Lawrence R. Rachuba ran his in-laws' business for years, building a real estate empire. But, when the real estate market fell into a slump, Rachuba's own projects began to crumble. Now the family trust he operated is trying to distance itself from his financial troubles.
The DeChiaro Limited Partnership is a trust that was created to benefit Rachuba's wife, Diane, her sisters Carol Scheffenacker and Roberta Hucek, and the grandchildren of Ralph and Dorothy DeChiaro. Lawrence Rachuba resigned as general partner of DeChiaro last spring.
The trust is fighting to keep its financial stability following the bankruptcy filing of Lawrence and Diane Rachuba. The couple filed for Chapter 11 reorganization in July for themselves and their corporation, Rachuba Enterprises Inc. (REI).
The Rachubas listed REI's assets at about $42 million and liabilities at $41.9 million.
The DeChiaro trust is the creditor for several development projects built by Rachuba and various partners. Through the various partnerships, Rachuba and his wife have developed the Sheraton Hotel in Towson, Dulaney Plaza Shopping Center and Dulaney Valley Garden Apartments. The couple also own a horse-breeding farm.
In a recent development, DeChiaro is fighting off a move by Provident Bank to force the trust to repay a $1 million loan that Rachuba secured from the bank while serving as general partner, according to records filed in bankruptcy court. Attorneys for DeChiaro have claimed in a countersuit against Provident that Rachuba signed for the loan on behalf of the trust without proper authority.
The Rachubas could not be reached for comment. Their attorney, Lawrence D. Coppel, did not return telephone calls.
In another matter, DeChiaro is trying to force the Baltimore Travel Plaza Limited Partnership and the Virginia Travel Plaza Limited Partnership into bankruptcy. Both partnerships are controlled by Rachuba and another partner, Garth Davis.
Acting on behalf of DeChiaro, attorney Lawrence J. Yumkas filed what is called an involuntary bankruptcy, which in effect petitions the U.S. Bankruptcy Court to put the two partnerships under the protection of the bankruptcy court.
The partnerships developed the Baltimore Travel Plaza located at Interstate 95 and O'Donnell Street in southeast Baltimore and Virginia Travel Plaza located on Interstate 95 in Doswell, Va.
Yumkas said the filing of the involuntary bankruptcy was a strategic move because the electric company in Virginia was about to shut off power to the Virginia Travel Plaza.
Because DcChiaro is a creditor of both travel plazas, Yumkas said the bankruptcy petition was in the trust's best interest.
In fact, DeChiaro filed for the Chapter 11 reorganization on behalf of the partnerships the same day the electric company was to shut off the power.
"Talk about close to the wire," Yumkas said.
As a precautionary measure and to defend the Baltimore Travel Plaza from lawsuits from its creditors, Yumkas said, DeChiaro decided to seek bankruptcy protection for it as well.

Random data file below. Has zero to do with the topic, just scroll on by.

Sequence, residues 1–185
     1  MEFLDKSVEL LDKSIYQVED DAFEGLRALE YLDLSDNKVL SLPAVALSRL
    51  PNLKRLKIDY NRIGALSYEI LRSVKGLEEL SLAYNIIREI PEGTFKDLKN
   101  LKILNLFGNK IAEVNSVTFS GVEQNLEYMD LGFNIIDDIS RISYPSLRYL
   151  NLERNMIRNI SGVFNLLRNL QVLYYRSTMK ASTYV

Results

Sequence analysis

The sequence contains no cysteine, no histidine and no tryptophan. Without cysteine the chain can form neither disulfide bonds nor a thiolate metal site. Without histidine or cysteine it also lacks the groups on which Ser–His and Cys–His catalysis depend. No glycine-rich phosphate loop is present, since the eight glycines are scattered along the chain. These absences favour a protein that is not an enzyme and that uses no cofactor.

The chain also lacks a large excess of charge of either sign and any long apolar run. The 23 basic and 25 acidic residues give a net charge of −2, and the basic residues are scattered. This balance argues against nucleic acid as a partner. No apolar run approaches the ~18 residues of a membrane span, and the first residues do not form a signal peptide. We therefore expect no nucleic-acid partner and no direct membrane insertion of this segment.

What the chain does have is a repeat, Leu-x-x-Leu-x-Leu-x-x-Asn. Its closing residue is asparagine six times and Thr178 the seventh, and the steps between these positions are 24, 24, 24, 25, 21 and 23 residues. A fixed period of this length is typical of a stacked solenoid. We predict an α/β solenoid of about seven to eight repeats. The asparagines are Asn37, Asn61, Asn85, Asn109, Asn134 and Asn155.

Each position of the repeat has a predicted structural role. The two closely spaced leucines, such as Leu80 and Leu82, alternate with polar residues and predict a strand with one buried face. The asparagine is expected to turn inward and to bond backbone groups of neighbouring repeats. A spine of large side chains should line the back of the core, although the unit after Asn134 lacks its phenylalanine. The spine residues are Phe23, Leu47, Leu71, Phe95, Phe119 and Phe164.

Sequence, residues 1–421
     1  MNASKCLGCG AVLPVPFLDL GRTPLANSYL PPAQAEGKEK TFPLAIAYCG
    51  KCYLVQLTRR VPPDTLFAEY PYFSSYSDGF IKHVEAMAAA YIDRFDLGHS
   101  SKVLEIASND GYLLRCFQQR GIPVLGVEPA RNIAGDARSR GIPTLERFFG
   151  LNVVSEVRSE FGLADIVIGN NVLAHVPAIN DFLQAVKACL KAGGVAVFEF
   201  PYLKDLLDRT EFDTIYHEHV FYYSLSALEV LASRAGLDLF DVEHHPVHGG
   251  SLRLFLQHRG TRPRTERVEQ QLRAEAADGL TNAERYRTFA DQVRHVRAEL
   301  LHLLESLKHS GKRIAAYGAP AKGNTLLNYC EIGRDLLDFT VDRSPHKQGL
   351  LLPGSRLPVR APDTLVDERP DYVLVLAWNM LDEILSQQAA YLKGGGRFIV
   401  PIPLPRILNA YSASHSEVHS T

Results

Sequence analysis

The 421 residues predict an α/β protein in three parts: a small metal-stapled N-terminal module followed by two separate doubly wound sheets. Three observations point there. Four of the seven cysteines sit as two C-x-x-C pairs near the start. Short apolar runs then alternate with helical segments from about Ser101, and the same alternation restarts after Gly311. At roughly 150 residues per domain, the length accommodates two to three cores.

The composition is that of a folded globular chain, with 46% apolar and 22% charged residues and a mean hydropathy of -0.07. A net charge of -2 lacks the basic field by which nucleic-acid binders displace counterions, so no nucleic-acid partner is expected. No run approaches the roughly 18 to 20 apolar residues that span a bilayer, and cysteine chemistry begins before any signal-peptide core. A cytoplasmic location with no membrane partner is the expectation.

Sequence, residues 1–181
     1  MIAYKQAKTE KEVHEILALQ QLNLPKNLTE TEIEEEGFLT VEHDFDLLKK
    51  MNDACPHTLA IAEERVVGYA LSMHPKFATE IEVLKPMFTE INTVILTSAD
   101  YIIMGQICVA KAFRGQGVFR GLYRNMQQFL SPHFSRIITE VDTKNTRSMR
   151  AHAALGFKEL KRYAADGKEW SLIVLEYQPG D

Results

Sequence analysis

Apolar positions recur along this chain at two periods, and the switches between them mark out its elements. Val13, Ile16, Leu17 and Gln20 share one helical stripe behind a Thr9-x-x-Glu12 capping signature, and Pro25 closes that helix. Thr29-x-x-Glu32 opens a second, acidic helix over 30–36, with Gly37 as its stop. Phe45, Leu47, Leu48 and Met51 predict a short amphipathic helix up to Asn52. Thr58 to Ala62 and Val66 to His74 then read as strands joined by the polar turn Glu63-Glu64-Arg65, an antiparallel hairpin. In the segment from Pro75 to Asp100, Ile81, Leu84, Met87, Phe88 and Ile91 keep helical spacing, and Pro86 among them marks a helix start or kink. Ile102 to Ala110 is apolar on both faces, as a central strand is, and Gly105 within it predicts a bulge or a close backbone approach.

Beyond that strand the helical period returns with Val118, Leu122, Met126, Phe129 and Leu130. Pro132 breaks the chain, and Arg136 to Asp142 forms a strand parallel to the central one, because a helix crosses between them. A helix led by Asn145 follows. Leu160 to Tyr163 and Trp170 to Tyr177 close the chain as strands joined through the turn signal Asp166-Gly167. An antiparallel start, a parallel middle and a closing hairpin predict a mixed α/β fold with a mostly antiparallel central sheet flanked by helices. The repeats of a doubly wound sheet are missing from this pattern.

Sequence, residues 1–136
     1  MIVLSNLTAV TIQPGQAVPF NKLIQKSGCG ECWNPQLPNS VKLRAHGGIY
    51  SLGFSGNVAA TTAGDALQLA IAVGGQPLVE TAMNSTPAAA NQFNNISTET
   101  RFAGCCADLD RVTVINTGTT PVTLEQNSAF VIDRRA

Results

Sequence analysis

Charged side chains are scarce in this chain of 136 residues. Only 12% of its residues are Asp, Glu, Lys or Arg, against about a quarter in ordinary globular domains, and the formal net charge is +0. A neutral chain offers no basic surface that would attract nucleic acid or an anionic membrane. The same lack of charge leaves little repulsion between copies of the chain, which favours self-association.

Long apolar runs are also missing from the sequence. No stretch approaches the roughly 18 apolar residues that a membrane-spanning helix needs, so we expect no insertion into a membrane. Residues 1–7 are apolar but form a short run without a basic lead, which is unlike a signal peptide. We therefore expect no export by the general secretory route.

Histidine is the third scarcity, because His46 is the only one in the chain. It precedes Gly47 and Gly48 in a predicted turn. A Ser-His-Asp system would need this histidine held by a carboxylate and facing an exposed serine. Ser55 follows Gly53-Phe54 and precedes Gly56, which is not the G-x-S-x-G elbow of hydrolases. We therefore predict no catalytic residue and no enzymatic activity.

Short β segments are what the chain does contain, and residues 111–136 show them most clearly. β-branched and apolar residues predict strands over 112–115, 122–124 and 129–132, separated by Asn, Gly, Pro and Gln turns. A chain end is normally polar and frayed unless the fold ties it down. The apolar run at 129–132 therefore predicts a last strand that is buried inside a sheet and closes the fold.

"Baltimore Travel Plaza is not in an emergency situation like Virginia was," he said.
DeChiaro was able to file for the bankruptcy protection because both of the general partners, Rachuba and Davis, have filed for personal bankruptcy. Davis filed for Chapter 7 liquidation last June.
The Baltimore Travel Plaza is a 14-acre tourism center with two restaurants, a service station, a hotel and a nightclub.
"As a result of these filings, all of the facilities will continue in operation and will remain open for business as usual," DeChiaro said in a press release.
This week, DeChiaro was back in bankruptcy court trying to free itself from the $1 million obligation.
In 1988 Rachuba applied for a $1 million line of credit from Provident, which the bank approved the same year. While serving as general partner of the DeChiaro trust, Rachuba signed for the line of credit using the trust to secure the loan, Yumkas said Monday during oral arguments before U.S. Bankruptcy Judge James F. Schneider.
Rachuba borrowed the full amount to help fund two Harford County development projects undertaken by REI, said Yumkas, who is with the law firm of Blum, Yumkas, Mailman, Gutman & Denick.
One project, Thomas Run, when developed would consist of 530 single family townhouses. The second project involves the purchase of land that would be developed.
The loan went into default when the Rachubas filed for Chapter 11 protection. Since DeChiaro backed the loan, Provident went after the trust for repayment of the $1 million.
The bank sought relief through Baltimore County Circuit Court, but because the Rachubas filed for Chapter 11 protection, the case was sent to federal court.
In return, DeChiaro filed a countersuit against Provident objecting to the way the loan was obtained. The case remains unresolved because Schneider remanded the case back to Circuit Court, saying that he had no jurisdiction to hear the case since it only indirectly affected the Rachubas' bankruptcy petitions.
Jack L. B. Gohn, an attorney representing Provident, refused to comment on the case.
In the countersuit, DeChiaro claims Provident knew the money was not intended to be used by the trust but rather for REI's development projects in Harford County. DeChiaro said in its suit that Rachuba wrongfully obtained the loan from Provident.
Yumkas argued that members of the trust had no knowledge of the $1 million line of credit, which was never used for DeChiaro's benefit, and therefore the trust shouldn't be liable for it.
In fact, Yumkas said during his arguments that Provident collaborated with Lawrence Rachuba to have the DeChiaro trust back the loan because REI was not financially sound enough to secure the line of credit on its own.
"It was a scheme to use DeChiaro's good credit and good faith to get the loan through," Yumkas told Schneider.